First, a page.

Netflix is caught up in a trademark battle with the US government over the use of the Space Force name. However, it seems the streaming giant is ahead of the game, submitting trademark applications earlier than the US armed forces.
Netflix has already secured trademark rights to the Space Force name in Europe, Australia, Mexico, and elsewhere.
America operates on a ‘first-to-use’ trademark registration system, standing in isolated territory to other nations who mostly follow the guise of a ‘first-to-file’ model. This US system basically means that actual ‘use’ in commerce takes priority over who ‘files’ their application to the U.S. Patent and Trademark Office first.
Netflix have an exclusive television series out, Space Force, which stars Steve Carrell and Greg Daniels. They submitted trademark applications for the show as early as January 2019. Check the first trailer out here.
Meanwhile, the US Air Force has a pending application for registration, which is founded in an ‘intent to use’ agreement. Trump voiced the necessary importance of establishing an armed force from above. After all, it has always been a race for the Americans, when it comes to space: “As you know, China, Russia, perhaps others, started off a lot sooner than us.”
The President also urged that his government must strategically protect American space infrastructure: “Space is a war-fighting domain just like the land, air and sea,” Donald Trump told a group of US Marines in March 2018. It’s worrying to think about, I know…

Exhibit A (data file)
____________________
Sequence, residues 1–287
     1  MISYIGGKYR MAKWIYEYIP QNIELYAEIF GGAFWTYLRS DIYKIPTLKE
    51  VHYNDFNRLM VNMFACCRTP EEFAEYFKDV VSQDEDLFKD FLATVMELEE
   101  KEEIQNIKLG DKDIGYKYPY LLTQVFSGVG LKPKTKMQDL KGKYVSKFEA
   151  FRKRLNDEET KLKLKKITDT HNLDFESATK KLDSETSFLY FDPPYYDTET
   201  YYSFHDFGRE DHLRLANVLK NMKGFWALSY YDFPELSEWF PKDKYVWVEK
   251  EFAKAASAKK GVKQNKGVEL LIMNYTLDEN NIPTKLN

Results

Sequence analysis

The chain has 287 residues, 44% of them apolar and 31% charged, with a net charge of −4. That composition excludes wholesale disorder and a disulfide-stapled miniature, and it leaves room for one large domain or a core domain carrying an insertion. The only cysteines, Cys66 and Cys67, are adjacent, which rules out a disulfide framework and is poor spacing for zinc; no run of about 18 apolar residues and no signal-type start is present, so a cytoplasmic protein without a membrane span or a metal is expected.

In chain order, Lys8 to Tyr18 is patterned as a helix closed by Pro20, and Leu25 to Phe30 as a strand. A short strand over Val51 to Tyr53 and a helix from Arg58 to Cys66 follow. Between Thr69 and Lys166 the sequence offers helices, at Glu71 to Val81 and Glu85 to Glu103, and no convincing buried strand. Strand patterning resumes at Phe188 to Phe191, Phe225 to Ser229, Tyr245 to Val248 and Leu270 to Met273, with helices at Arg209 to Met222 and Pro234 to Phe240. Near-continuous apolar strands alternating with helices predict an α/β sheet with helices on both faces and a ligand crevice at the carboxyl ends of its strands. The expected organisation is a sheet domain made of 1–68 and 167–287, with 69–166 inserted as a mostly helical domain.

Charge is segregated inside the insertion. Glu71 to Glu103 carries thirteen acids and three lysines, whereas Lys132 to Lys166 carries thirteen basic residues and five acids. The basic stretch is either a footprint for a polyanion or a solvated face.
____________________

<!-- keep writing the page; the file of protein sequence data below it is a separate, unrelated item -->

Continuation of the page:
There seems to be nothing confusing between the two Space Forces. We have a cosmic TV show airing on Earth and armed American astronauts training up in the sky. So what?
Well, the conflict appears to arise when trademark users begin crossing over in similar products. Who owns the Space Force jumper in that store? Is it the Netflix show or the U.S. Space Force? This level of ambiguity has created legal problems for both businesses.
“Trademarks help clarify the source of goods and services,” writes The Hollywood Reporter.
They also explained how US trademark laws are lax enough to allow for “parodies and descriptive uses”. They are also quite flexible with wider uses that steer clear of misleading consumers and work to maintain a reasonable level of artistic relevance.
“At this time, we are not aware of any trademark conflicts with the fictional program Space Force produced by Netflix,” said an Air Force spokesperson. “We wish Netflix and the show’s producers the best in their creative depiction of our nation’s newest branch of the military.”
It seems Netflix are in the lead for now, if the tenets of the First Amendment don’t inherently fuck them over. America has some of the strongest ‘fair use’ standards in the world. It does really seem crazy to take on the US military in court over a television series. But, it is 2020 and America is pretty fucking nuts already we’ve decided.